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FROM ‘BELLIGERENTS’ TO ‘FIGHTERS’ AND CIVILIANS DIRECTLY PARTICIPATING IN HOSTILITIES – ON THE PRINCIPLE OF DISTINCTION IN NON-INTERNATIONAL ARMED CONFLICTS ONE HUNDRED YEARS AFTER THE SECOND HAGUE PEACE CONFERENCE

Published online by Cambridge University Press:  10 August 2007

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Abstract

A central concept found in the 1907 Hague Regulations Respecting the Laws and Customs of War on Land is the notion of ‘belligerents’. The formal status of ‘belligerents’ or, in more modern terms, ‘combatants’, is limited to international armed conflicts. One of the crucial functions that the status fulfils relates to distinguishing those who are legitimate objects of attack from those who enjoy protection. Combatants are legitimate targets, while civilians are not, unless and for such time as they directly participate in hostilities. Civilians are defined as all those who are not combatants. Because the formal status of ‘combatant’ is limited to international armed conflicts, the principle of distinction cannot be conceptualized in the same way in non-international armed conflicts. Who, then, may be targeted in non-international armed conflicts and under what conditions and who is conversely immune from being made the object of attack and enjoys protection against the dangers arising from military operations by virtue of the status of ‘civilian’? This article argues that, in principle, members of armed forces of both state and non-state parties to a non-international armed conflict are legitimate targets and all those who are not such members are to be considered civilians. However, the practical operationalisation of the principle of distinction in this way faces a number of difficulties. Due to the variety and changing nature of organised armed groups, a more differentiated approach is required in striking a reasonable balance between military considerations and humanitarian concerns.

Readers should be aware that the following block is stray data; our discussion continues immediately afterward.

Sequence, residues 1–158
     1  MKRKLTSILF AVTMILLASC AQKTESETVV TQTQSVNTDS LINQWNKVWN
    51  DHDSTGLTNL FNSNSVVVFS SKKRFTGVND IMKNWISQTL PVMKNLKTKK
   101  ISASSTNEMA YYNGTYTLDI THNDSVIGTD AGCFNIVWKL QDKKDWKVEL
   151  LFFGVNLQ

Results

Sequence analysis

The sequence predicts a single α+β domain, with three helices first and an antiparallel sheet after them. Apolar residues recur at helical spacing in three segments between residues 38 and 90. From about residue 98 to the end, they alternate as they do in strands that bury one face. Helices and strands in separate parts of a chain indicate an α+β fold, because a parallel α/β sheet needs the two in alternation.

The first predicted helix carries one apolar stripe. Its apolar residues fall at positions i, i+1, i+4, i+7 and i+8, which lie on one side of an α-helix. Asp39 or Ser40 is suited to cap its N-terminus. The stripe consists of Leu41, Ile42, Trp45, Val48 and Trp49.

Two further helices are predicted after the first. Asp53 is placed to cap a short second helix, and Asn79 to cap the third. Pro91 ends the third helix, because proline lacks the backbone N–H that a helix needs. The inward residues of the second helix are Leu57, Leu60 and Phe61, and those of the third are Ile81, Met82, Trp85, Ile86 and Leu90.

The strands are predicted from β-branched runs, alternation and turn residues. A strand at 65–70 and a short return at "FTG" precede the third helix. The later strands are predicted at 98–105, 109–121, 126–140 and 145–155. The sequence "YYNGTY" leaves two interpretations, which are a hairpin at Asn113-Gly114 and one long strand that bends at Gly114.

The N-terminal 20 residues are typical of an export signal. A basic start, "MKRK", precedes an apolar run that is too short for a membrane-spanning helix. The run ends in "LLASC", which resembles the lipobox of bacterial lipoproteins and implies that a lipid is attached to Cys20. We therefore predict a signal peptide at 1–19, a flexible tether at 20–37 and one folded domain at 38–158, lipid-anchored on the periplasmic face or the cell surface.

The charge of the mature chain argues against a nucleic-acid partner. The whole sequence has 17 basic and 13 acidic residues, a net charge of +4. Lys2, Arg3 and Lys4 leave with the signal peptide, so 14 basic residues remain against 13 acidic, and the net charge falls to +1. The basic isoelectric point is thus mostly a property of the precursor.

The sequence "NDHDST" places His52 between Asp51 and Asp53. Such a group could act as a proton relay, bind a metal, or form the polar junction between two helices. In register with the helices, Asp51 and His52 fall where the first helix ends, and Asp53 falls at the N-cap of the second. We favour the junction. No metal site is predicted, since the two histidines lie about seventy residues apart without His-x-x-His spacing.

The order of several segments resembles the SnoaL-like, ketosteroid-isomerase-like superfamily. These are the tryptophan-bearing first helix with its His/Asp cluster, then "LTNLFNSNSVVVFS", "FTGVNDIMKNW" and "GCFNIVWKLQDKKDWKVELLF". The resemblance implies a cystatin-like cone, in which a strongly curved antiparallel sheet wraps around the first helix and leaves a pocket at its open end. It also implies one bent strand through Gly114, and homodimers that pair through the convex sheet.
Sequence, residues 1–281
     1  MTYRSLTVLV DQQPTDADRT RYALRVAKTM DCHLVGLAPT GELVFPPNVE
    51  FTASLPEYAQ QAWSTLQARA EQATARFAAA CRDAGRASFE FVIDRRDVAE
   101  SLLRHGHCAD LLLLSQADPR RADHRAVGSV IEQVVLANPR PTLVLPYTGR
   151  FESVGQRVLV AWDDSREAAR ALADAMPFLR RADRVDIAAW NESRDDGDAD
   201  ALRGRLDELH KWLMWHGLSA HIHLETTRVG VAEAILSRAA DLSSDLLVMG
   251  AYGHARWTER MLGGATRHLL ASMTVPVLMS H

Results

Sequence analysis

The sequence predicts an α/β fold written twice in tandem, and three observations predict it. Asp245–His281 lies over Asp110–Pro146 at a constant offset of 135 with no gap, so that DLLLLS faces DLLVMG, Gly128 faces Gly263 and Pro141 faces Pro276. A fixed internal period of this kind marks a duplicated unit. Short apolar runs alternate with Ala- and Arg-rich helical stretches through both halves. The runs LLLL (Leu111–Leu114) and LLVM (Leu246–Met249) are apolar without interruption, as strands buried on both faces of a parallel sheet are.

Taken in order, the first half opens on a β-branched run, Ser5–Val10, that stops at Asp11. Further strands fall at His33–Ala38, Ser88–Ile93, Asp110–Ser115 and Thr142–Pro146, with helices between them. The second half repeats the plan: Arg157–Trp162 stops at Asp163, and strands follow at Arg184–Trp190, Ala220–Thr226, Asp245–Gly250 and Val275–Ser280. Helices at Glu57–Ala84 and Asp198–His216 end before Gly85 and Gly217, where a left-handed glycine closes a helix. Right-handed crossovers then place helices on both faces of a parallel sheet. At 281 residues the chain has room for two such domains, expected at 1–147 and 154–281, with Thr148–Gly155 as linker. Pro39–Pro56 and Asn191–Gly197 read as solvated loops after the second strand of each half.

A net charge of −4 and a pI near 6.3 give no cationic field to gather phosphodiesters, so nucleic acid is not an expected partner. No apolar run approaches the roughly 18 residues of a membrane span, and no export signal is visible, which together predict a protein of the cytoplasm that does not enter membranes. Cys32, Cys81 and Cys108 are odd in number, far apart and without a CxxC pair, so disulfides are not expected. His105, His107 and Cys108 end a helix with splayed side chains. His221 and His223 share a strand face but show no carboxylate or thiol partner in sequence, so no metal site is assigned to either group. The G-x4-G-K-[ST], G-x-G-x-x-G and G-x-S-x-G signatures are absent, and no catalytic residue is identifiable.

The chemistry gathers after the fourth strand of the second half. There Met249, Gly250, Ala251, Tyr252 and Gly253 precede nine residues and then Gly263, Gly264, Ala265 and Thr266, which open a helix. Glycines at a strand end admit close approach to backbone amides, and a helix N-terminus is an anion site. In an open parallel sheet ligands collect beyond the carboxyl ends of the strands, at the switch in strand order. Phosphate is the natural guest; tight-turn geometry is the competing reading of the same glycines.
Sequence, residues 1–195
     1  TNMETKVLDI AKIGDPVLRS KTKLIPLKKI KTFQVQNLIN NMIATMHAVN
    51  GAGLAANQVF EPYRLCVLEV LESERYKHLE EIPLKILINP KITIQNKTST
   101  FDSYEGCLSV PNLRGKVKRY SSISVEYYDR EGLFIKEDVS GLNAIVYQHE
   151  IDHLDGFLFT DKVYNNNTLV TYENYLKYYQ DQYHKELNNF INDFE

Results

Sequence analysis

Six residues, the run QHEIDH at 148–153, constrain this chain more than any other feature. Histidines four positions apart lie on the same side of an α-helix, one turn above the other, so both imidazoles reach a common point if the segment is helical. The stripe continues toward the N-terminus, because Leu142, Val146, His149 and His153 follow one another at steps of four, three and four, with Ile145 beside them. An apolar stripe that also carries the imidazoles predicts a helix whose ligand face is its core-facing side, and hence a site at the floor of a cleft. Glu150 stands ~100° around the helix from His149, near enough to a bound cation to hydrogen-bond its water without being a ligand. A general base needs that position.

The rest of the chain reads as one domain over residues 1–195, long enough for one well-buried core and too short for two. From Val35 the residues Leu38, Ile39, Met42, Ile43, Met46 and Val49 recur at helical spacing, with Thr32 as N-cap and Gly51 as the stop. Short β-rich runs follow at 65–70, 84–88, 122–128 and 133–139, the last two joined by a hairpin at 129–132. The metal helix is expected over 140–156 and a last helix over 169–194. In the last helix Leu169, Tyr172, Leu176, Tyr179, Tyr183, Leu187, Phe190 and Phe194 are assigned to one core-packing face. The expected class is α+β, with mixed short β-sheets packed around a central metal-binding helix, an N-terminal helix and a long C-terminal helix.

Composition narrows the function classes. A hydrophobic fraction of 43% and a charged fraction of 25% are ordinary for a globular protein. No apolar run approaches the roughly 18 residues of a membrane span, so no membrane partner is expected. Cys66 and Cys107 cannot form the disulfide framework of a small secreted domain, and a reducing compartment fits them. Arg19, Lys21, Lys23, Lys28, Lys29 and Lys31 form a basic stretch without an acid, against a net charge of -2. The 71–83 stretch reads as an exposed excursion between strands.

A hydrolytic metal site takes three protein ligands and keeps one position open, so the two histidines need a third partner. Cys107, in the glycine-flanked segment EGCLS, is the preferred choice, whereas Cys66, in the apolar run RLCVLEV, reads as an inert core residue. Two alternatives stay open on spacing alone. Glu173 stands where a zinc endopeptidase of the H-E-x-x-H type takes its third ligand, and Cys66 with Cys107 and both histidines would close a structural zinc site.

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Copyright
Copyright © T.M.C. Asser Press 2007

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FROM ‘BELLIGERENTS’ TO ‘FIGHTERS’ AND CIVILIANS DIRECTLY PARTICIPATING IN HOSTILITIES – ON THE PRINCIPLE OF DISTINCTION IN NON-INTERNATIONAL ARMED CONFLICTS ONE HUNDRED YEARS AFTER THE SECOND HAGUE PEACE CONFERENCE
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FROM ‘BELLIGERENTS’ TO ‘FIGHTERS’ AND CIVILIANS DIRECTLY PARTICIPATING IN HOSTILITIES – ON THE PRINCIPLE OF DISTINCTION IN NON-INTERNATIONAL ARMED CONFLICTS ONE HUNDRED YEARS AFTER THE SECOND HAGUE PEACE CONFERENCE
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FROM ‘BELLIGERENTS’ TO ‘FIGHTERS’ AND CIVILIANS DIRECTLY PARTICIPATING IN HOSTILITIES – ON THE PRINCIPLE OF DISTINCTION IN NON-INTERNATIONAL ARMED CONFLICTS ONE HUNDRED YEARS AFTER THE SECOND HAGUE PEACE CONFERENCE
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